Cloud hype is all around you—you're told it's critical to ensuring a digital future for your business. Whether you choose cloud, hybrid cloud, or hybrid multi-cloud, you have numerous decisions to make, even as you continue the daily work of enhancing your customers' experience and agile delivery of your applications (including legacy applications)—likely some of your business' most important resources.


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Where in the DevOps cycle do you do security?

Wednesday 20th of June 2018 07:00:00 AM

Sometimes the title just gives away the answer. I’m a security guy, so this one is easy for me: the answer to "Where in the DevOps cycle do you do security?" is "everywhere". However, a couple of sentences doesn’t make a very compelling article, so I’ll go into a bit more detail.


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Try this vi setup to keep and organize your notes

Tuesday 19th of June 2018 07:03:00 AM

The idea of using vi to manage a wiki for your notes may seem unconventional, but when you're using vi in your daily work, it makes a lot of sense.


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A summer reading list for open organization enthusiasts

Tuesday 19th of June 2018 07:02:00 AM

The books on this year's open organization reading list crystallize so much of what makes "open" work: Honesty, authenticity, trust, and the courage to question those status quo arrangements that prevent us from achieving our potential by working powerfully together.

These nine books—each one a recommendation from a member of our community—represent merely the beginning of an important journey toward greater and better openness.

But they sure are a great place to start.


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Getting started with Open edX to host your course

Tuesday 19th of June 2018 07:01:00 AM

Now in its seventh major release, the Open edX platform is a free and open source course management system that is used all over the world to host Massive Open Online Courses (MOOCs) as well as smaller classes and training modules. To date, Open edX software has powered more than 8,000 original courses and 50 million course enrollments.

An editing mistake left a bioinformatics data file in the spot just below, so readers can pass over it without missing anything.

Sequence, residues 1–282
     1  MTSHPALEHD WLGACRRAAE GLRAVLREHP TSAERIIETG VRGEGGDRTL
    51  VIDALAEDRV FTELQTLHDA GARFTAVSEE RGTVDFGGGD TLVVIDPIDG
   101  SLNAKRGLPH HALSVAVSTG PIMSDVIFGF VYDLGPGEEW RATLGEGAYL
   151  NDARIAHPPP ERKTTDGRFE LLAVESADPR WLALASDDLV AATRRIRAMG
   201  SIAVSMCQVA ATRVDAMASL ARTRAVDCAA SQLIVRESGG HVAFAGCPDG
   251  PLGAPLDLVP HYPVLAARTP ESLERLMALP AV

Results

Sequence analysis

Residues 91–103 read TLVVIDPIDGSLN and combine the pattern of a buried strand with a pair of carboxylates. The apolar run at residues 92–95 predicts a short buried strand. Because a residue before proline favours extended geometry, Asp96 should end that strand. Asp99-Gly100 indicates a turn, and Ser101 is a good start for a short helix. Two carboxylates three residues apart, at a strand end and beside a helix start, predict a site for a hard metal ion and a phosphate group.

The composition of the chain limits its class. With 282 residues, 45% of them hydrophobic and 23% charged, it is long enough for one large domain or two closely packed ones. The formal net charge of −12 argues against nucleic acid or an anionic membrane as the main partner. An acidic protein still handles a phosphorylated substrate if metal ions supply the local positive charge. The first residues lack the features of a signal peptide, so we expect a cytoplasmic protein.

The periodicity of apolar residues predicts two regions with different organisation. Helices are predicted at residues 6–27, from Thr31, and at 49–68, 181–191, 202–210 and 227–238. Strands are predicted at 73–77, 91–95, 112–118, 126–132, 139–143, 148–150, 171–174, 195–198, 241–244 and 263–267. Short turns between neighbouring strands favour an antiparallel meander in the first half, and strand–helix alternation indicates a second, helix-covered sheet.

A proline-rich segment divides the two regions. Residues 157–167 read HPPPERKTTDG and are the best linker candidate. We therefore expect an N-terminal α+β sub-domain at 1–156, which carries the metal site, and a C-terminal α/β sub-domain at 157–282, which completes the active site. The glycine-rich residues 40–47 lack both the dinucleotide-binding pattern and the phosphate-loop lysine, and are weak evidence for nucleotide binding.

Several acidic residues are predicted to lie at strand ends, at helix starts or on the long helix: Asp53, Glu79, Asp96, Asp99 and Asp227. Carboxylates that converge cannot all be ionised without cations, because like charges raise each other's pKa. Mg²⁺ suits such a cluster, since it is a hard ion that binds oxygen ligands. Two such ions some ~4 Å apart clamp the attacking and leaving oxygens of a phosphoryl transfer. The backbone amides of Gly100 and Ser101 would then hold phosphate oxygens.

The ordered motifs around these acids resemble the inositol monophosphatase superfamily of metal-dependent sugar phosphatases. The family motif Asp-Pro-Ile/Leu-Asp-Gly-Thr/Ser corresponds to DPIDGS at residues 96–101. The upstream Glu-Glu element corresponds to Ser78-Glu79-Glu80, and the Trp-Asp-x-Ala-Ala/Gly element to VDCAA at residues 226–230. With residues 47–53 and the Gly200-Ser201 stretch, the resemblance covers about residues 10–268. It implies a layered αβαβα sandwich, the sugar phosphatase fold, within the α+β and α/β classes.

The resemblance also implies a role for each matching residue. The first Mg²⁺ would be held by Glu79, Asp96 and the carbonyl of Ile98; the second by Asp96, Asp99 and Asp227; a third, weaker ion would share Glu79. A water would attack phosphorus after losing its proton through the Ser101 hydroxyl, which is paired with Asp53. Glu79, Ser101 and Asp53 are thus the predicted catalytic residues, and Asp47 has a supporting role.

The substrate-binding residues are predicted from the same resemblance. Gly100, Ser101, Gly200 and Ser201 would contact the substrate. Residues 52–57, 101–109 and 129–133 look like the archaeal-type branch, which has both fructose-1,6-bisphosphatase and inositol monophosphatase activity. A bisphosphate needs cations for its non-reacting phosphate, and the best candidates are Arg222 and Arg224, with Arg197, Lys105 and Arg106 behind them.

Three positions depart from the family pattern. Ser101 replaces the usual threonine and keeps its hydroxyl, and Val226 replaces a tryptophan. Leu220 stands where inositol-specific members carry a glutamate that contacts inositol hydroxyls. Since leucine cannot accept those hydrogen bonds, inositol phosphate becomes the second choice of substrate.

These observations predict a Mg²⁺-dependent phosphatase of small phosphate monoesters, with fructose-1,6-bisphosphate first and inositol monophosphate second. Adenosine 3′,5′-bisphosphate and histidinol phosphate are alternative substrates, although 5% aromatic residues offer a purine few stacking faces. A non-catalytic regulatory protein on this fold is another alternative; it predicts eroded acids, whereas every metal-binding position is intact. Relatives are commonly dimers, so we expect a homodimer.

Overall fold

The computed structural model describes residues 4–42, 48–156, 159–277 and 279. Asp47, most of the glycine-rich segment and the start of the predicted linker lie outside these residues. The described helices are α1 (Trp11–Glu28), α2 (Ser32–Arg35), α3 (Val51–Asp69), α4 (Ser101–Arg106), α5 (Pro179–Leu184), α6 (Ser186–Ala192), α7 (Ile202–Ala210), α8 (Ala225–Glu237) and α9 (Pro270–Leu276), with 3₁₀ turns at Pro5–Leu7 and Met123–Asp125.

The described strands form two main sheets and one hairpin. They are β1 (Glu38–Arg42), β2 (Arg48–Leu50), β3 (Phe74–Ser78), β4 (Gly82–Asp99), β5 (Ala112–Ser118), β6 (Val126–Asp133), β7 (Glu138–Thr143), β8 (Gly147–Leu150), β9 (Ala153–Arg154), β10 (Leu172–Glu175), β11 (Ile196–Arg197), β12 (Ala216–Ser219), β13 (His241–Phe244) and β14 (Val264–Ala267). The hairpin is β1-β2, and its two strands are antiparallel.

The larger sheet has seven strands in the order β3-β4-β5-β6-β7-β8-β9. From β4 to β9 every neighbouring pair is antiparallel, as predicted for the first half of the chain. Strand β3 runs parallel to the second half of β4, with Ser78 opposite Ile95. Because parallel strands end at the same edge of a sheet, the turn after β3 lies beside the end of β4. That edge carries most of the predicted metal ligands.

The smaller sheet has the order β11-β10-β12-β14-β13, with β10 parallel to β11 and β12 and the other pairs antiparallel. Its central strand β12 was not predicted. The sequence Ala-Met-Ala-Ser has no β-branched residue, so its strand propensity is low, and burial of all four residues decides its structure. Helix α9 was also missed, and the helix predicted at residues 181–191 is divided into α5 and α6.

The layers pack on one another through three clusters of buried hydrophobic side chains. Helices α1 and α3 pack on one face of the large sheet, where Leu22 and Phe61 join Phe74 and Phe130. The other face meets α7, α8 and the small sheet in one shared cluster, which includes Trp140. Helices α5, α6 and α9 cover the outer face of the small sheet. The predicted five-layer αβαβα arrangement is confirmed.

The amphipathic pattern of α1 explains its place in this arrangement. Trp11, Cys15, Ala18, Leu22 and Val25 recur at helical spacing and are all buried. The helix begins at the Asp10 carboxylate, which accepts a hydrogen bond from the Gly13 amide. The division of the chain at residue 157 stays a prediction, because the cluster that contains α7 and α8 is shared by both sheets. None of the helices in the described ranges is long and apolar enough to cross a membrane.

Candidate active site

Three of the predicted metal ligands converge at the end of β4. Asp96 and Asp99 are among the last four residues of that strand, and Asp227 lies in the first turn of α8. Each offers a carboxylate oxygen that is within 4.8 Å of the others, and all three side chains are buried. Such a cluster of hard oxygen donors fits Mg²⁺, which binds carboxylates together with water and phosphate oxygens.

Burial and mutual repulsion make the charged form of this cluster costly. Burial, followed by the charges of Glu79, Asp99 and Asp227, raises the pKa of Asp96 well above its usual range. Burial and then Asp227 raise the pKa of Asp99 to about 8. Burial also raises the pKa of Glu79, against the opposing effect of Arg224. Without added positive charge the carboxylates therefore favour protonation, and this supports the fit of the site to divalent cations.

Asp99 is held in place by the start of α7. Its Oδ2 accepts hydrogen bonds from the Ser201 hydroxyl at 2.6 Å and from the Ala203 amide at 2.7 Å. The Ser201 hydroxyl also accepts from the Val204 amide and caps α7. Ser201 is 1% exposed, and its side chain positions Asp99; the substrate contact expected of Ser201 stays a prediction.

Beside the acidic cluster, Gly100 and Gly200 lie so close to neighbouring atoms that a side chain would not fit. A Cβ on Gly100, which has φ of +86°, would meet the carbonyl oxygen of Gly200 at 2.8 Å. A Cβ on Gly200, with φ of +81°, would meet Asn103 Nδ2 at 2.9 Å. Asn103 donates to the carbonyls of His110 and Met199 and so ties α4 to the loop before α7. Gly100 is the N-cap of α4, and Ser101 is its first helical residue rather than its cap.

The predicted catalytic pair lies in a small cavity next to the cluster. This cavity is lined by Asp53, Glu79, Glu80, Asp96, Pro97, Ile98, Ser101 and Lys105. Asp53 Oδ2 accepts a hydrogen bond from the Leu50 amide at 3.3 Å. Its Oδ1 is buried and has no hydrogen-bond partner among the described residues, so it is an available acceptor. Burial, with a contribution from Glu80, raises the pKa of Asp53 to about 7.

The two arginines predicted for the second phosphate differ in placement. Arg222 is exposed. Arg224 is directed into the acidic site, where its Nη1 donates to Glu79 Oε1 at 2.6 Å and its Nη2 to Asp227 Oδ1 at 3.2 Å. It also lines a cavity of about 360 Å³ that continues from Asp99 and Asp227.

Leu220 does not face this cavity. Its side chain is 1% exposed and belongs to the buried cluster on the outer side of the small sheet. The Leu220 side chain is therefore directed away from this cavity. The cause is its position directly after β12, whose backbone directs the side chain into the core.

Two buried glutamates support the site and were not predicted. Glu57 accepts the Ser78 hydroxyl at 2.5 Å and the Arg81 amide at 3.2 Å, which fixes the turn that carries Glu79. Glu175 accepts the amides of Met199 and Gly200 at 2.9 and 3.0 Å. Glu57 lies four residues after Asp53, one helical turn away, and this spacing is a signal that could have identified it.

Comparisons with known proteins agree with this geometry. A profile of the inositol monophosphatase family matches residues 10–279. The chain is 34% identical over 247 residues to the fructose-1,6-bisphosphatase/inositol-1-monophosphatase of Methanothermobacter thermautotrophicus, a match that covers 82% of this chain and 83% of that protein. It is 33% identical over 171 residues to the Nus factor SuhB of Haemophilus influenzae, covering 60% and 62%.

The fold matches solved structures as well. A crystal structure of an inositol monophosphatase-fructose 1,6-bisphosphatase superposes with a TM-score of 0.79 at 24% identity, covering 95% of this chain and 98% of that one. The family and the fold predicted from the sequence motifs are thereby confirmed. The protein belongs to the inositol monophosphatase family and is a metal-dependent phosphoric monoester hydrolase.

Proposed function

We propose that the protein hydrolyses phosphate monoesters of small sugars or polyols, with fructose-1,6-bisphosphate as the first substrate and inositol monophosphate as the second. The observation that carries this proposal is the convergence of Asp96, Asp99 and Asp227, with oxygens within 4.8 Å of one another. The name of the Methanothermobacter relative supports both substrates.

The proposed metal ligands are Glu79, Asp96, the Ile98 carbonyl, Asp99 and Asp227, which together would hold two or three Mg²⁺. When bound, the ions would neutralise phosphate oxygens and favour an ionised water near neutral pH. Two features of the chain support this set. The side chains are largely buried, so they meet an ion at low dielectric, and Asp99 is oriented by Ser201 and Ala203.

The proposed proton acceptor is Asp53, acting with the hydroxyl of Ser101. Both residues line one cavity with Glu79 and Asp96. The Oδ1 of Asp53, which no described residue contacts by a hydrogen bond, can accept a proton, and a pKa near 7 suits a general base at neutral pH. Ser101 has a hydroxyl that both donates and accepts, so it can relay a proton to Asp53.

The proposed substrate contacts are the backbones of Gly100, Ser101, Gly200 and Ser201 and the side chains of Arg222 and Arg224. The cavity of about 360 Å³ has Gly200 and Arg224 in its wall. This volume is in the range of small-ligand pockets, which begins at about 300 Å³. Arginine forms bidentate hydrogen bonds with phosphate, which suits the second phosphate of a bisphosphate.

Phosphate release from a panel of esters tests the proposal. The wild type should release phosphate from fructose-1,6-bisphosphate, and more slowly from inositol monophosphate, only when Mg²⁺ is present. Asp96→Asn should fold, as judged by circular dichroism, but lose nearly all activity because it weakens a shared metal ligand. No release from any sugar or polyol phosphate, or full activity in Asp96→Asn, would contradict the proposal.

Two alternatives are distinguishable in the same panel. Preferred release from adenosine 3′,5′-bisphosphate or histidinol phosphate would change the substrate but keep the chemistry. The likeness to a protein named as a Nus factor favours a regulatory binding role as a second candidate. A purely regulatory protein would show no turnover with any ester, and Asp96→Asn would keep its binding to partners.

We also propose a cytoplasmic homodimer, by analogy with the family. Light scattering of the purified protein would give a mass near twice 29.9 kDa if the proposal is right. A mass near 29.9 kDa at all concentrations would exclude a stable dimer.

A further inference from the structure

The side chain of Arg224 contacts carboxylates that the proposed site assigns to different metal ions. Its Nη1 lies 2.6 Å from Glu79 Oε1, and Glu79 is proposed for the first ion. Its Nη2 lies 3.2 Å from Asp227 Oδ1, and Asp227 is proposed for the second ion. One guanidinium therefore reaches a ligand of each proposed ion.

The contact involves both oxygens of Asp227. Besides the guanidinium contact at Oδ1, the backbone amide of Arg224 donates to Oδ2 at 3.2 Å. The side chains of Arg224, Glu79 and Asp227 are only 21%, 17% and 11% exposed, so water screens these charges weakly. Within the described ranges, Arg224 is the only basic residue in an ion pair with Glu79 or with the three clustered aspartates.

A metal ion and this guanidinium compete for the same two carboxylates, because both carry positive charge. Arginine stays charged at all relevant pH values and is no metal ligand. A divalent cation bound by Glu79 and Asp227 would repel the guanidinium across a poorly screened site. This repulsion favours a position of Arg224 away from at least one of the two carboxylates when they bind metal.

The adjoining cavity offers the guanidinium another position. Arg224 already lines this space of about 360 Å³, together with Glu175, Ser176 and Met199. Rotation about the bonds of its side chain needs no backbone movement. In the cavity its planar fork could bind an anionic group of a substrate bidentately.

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How to reset, revert, and return to previous states in Git

Tuesday 19th of June 2018 07:00:00 AM

One of the lesser understood (and appreciated) aspects of working with Git is how easy it is to get back to where you were before—that is, how easy it is to undo even major changes in a repository. In this article, we'll take a quick look at how to reset, revert, and completely return to previous states, all with the simplicity and elegance of individual Git commands.


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Why agile teams fail, Bash tips, Emacs vs. Vim, 12 fiction reads for Linux fans, and other greatest hits

Monday 18th of June 2018 06:13:00 PM

Let's look back at the most popular reads from the week of June 11-17:


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5 open source alternatives to Dropbox

Monday 18th of June 2018 07:02:00 AM

Dropbox is the 800-pound gorilla of filesharing applications. Even though it's a massively popular tool, you may choose to use an alternative.

Maybe that's because you're dedicated to the open source way for all the good reasons, including security and freedom, or possibly you've been spooked by data breaches. Or perhaps the pricing plan doesn't work out in your favor for the amount of storage you actually need.


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Write fast apps with Pronghorn, a Java framework

Monday 18th of June 2018 07:01:00 AM

In 1973, Carl Hewitt had an idea inspired by quantum mechanics. He wanted to develop computing machines that were capable of parallel execution of tasks, communicating with each other seamlessly while containing their own local memory and processors.


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Support the uncommon women in your life

Monday 18th of June 2018 07:00:00 AM

One of Kelsey Merkley's goals is raising awareness and support for women, like her, who are involved in the open software and hardware movement. She is a leader in the Creative Commons, the founder of the UnCommon Women organization, and last year published the UnCommon Women Coloring Book with illustrations of 15 women leaders in the open movement.


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Enter to win an IoT electronics kit from SparkFun

Monday 18th of June 2018 06:59:00 AM